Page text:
Patients with musculoskeletal diseases will benefit from advances in image analysis

Just a few short decades ago, musculoskeletal (MS) radiologists could only use technologies such as ultrasonography, radiology and nuclear medicine. By the time the 1970s came around there were some innovations in the field which helped enormously in the investigation of various MS diseases. Chief among these new technologies were magnetic resonance imaging (MRI), positron emission tomography (PET) and computed tomography (CT).

The 1990s

Even as recently as the 1990s, most people saw conventional radiography as the go-to method to image and investigate various diseases. It’s still the case that these older methods can be very useful when it comes to looking at changes in bone growth and density, which are often the hallmarks of MS diseases.

It was still thought, however, that imaging tech wasn’t enough by itself to identify and monitor the changes caused by disease. Doctors also used physical examinations, patients’ self-reports, lab testing and the body of evidence from previous research to back up their findings from imaging.

It’s less invasive nowadays

Now, thanks to the tech and software from companies like bitplane.com, the diagnosis and monitoring of MS diseases is much less invasive, it’s also more accurate as the internal anatomy and its structures are ever-more visible and we get an objective analysis of what’s going on inside, rather than subjective pain reporting, for example.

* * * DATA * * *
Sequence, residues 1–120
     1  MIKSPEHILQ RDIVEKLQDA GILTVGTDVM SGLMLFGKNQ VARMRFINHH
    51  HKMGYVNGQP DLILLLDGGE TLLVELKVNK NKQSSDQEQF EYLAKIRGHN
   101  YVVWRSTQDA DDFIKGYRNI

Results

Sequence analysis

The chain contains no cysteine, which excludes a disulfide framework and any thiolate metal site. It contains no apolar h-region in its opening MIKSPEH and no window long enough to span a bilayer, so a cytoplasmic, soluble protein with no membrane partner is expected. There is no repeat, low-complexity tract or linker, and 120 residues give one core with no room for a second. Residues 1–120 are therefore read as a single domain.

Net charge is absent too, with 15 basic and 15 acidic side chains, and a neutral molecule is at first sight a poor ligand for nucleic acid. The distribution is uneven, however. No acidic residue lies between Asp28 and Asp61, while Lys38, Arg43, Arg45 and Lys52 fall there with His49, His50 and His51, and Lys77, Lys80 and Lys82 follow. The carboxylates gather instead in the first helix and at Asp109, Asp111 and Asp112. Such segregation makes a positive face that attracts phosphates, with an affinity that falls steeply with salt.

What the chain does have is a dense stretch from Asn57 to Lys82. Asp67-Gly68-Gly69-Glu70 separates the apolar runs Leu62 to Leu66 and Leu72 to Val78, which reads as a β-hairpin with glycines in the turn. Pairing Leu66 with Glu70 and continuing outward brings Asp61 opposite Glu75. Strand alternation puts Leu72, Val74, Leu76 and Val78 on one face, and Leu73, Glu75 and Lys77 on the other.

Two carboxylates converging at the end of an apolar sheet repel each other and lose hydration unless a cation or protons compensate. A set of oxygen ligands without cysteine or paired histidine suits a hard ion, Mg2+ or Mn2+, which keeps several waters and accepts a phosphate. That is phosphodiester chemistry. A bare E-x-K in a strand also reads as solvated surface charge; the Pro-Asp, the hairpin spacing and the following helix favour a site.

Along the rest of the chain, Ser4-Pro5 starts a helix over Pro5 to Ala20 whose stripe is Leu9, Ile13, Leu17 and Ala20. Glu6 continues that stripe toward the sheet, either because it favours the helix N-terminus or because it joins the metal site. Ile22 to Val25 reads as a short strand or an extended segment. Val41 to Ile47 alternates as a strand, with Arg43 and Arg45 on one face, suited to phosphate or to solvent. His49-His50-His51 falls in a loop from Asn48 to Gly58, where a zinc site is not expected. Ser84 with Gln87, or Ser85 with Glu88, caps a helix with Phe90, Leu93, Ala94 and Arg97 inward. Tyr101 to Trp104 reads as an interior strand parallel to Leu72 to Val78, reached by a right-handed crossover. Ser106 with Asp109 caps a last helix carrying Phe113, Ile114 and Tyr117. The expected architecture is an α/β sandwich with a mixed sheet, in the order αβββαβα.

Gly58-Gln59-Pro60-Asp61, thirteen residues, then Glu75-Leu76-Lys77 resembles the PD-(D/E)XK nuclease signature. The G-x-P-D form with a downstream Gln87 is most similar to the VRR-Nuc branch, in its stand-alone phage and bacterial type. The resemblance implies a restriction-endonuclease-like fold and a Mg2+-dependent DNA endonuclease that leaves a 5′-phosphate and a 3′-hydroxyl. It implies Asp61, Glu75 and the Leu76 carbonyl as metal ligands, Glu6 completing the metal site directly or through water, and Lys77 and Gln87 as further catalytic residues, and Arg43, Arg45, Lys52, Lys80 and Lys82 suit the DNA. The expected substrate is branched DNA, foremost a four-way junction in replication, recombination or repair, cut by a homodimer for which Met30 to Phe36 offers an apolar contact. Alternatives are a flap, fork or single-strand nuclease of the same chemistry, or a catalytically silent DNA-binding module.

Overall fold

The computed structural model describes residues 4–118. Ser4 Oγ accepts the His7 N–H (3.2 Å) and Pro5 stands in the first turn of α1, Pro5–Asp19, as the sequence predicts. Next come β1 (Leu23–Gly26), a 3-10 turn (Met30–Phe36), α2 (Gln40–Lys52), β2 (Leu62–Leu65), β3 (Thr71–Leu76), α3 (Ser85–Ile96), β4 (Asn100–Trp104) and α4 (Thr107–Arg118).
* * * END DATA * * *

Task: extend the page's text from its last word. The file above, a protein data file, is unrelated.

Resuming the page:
What’s in the armoury?

CT is often used to detect and assess the sometimes very complex lines and geometry of tri-plane fractures. This helps doctors to work out which patients will need surgery and which ones won’t.

MRI scans are invaluable when it comes to looking at segments of soft tissue and bone. This tech is useful for finding soft tissue problems cause by sickle cell anaemia, for example. It’s also used to look for muscle damage and for areas of acute damage from more chronic diseases, as well as for conditions like bursitis and synovitis.

MRI has also been brought on board to look for and assess abnormalities in bone marrow, but there are still issues here because the signals used can’t “drill down” far enough to discriminate between systemic and neoplastic images and origins.

A multi-modal approach

Disease is examined and treated with a combination of information from all the tech at our disposal now. Once, MRI was used to diagnose disease or injury only if it was backed up with an X-ray. It wasn’t trusted enough to be used alone. Now, however, we can see how the different modalities complement each other to help us understand pathological processes even more.

This doesn’t mean that doctors only see these images, though. When an abnormality is found, it’s important to find the root cause, as well as to assess how long ago it formed or started. If a causal relationship can be established between the etiology of a condition and the findings on a scan, looking further afield for chemical changes, for example, can improve the understanding of diseases and lead to ways of early diagnosis.

To find out more please visit http://www.bitplane.com/

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